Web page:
Queen of Sheba Ethiopian Restaurant
650 Tenth Avenue
New York, NY
(212) 397-0610 | Map
Here it is, June, and I'm only now getting around to writing up my review of the April meeting of the Lehigh Dinner Club. I could have just scrapped the review since a) so much time has passed between then and now and b) the food was not that memorable, but a certain member of the Dinner Club (*cough*Brian*cough*) inquired about the write-up at our May meeting (which, of course, needs a write-up of its own), so I feel obligated to say something. There are quite a few favorable reviews about the restaurant out there, so I'm going to chalk our dinner up to an "off night."
I arrived to find that I was the first of our party to reach the restaurant. Although we had a reservation, the hostess informed me that I would have to wait at the bar before being seated. That would have been all right with me had she not asked me to move... twice... ultimately directing me to the chair at the end of the bar. I was about to tell her that if she had wanted me to sit at the end of the bar, she should have just said so up front. Thankfully, Brian arrived before I could open my mouth.
To start and to be as authentic as possible, Brian and I each ordered a glass of the Royal Mead - Honey Wine ($7). Kym and I decided to skip appetizers, but Brian generously shared the Lentil Sambousa he ordered.
Much like Indian samosas, the Sambousa were triangular in shape, stuffed with a savory mixture of vegetables and spices, and deep-fried. The Sambousa were served with a smoky sauce that complimented the filling quite nicely. We all enjoyed the flavors and the texture and appreciated that they weren't too greasy or heavy despite being fried. Unfortunately, for me, that's where the pleasurable dining experience started to drop off.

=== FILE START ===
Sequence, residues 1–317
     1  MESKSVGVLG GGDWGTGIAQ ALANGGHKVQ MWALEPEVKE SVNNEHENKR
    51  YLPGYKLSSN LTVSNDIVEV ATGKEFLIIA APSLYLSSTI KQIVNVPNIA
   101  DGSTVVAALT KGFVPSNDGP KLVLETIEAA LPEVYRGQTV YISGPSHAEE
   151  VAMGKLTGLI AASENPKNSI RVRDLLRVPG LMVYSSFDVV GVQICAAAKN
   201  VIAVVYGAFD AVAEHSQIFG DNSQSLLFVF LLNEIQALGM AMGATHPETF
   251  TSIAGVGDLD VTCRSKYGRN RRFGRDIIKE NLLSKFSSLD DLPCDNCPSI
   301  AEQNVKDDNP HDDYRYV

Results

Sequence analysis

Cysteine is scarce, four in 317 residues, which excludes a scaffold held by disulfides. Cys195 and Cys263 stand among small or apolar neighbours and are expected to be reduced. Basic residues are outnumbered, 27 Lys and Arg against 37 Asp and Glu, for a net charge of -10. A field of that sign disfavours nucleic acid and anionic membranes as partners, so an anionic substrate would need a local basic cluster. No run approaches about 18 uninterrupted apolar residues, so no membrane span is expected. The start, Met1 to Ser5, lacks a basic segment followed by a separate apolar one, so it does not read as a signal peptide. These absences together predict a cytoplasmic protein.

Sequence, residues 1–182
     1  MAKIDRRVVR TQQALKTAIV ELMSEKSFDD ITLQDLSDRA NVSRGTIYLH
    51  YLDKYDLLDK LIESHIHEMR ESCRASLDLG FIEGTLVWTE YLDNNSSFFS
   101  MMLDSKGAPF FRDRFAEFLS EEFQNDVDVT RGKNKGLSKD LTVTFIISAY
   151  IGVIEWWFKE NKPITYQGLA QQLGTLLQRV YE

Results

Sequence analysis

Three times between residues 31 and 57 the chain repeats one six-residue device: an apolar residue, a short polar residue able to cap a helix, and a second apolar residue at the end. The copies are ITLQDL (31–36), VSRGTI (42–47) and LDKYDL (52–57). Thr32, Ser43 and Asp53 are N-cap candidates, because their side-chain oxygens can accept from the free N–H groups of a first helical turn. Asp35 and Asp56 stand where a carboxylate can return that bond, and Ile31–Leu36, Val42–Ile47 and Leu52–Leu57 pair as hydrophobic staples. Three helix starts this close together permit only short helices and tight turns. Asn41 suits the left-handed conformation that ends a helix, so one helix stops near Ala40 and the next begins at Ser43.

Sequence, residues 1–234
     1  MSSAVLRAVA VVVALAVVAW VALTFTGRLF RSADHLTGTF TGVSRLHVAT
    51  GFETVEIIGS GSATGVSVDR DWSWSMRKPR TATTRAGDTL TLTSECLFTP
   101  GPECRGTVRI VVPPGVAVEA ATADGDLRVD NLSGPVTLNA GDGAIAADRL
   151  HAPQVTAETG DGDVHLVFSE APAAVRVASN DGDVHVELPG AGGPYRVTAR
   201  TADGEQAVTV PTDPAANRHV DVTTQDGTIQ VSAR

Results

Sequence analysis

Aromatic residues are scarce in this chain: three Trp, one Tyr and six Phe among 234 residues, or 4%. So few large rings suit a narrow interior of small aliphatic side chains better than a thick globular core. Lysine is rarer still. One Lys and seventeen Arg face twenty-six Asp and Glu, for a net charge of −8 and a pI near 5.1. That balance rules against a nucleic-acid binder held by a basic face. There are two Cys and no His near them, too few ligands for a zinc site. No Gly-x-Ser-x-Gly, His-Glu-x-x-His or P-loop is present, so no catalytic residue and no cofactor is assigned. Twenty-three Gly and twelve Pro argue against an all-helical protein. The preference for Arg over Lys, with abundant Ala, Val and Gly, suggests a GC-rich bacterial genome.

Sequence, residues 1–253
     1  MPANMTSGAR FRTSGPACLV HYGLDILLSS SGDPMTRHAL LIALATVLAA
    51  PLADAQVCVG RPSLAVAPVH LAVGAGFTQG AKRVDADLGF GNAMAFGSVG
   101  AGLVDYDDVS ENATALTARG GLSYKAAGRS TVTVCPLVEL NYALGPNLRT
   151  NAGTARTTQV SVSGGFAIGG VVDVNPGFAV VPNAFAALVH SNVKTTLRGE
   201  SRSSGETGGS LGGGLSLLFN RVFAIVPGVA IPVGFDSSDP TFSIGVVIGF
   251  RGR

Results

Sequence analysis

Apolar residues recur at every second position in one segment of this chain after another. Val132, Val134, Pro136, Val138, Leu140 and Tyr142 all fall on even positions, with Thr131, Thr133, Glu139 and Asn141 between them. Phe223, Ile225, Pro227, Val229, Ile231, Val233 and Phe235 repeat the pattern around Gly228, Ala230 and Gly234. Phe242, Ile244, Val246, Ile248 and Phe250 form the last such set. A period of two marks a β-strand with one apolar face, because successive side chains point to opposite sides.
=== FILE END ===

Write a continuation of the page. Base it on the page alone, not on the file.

Because Brian and I couldn't decide what we wanted to order, we chose to split the Sheba Combination Sampler Dishes. Brian ordered the Taste of Sheba, which offered Tibs Wot, Menchet Abesh Wot, Mechet Abesh Alecha, Gomen Besiga, Bozena Shiro, Yebeg Wot, and Yebeg Alecha. I ordered the Sheba Vegetarian Mesob, which offered Misir Wot, Ater Kik Alecha, Shiro, Shimbra Asa, Gomen Wot, Atakilt Wot, and Cabbage Wot. (For an explanation of all of those dishes, click here.) If you've never had Ethiopian food before, then I highly recommend going this route, as the platters give you the opportunity to have a taste of some of the traditional dishes. Throw in the Doro Tibs (chicken dish) that Kym ordered, and you have quite a bit of food for relatively little money. An even better deal if you're sharing with a group of friends.
We opted to have all of the food served together on a communal tray lined with injera. One of the drawbacks to this, however, was not knowing what we were eating. Aside from being told that the vegetarian dishes were on one side of the tray and the meat dishes were on the other, we didn't know what was what.
Kym's choice for dinner was very good, deliciously flavored and not overwhelmingly spicy. I was, unfortunately, underwhelmed by the rest of the food. I found a lot of the beef overcooked, tough, and unpleasant to eat. And the vegetarian dishes were just okay. As I said earlier, the food wasn't that memorable. Except for the part when I shredded the inside of my cheek from a sharp bone fragment in one of the meat dishes (don't ask me which one because I have absolutely no idea). The faint taste of my own blood in my mouth may have ruined the rest of the meal for me.
In an attempt to end the meal on a positive note, we ordered Ethiopian coffee (though, I think Brian may have ordered an Espresso) and dessert. Kym ordered the Creme Caramel and I ordered the Baklava. Unfortunately, our server, who had been rather inattentive throughout our entire meal, brought out a plate of their Rum Cake. I had to flag her down to get her attention to request the dessert I actually ordered.
When their menu said their Baklava is "soaked in honey and almond syrup," they weren't kidding. The layers of pastry were absolutely saturated. Trying to eat the Baklava was like trying to cut through soggy corrugated cardboard and then trying to eat that. I labored through three bites of it before I gave up.
Seeing as the restaurant has received positive reviews, I don't want to write Queen of Sheba off completely, especially since I really enjoy Ethiopian food. If I ever do go back there, I'll pray that the quality of the service and the quality of the food has improved.
Hmm... It looks like I didn't have any trouble finding something to say after all.
(PS. Have you entered the Zagat.com Premium Membership Giveaway yet?)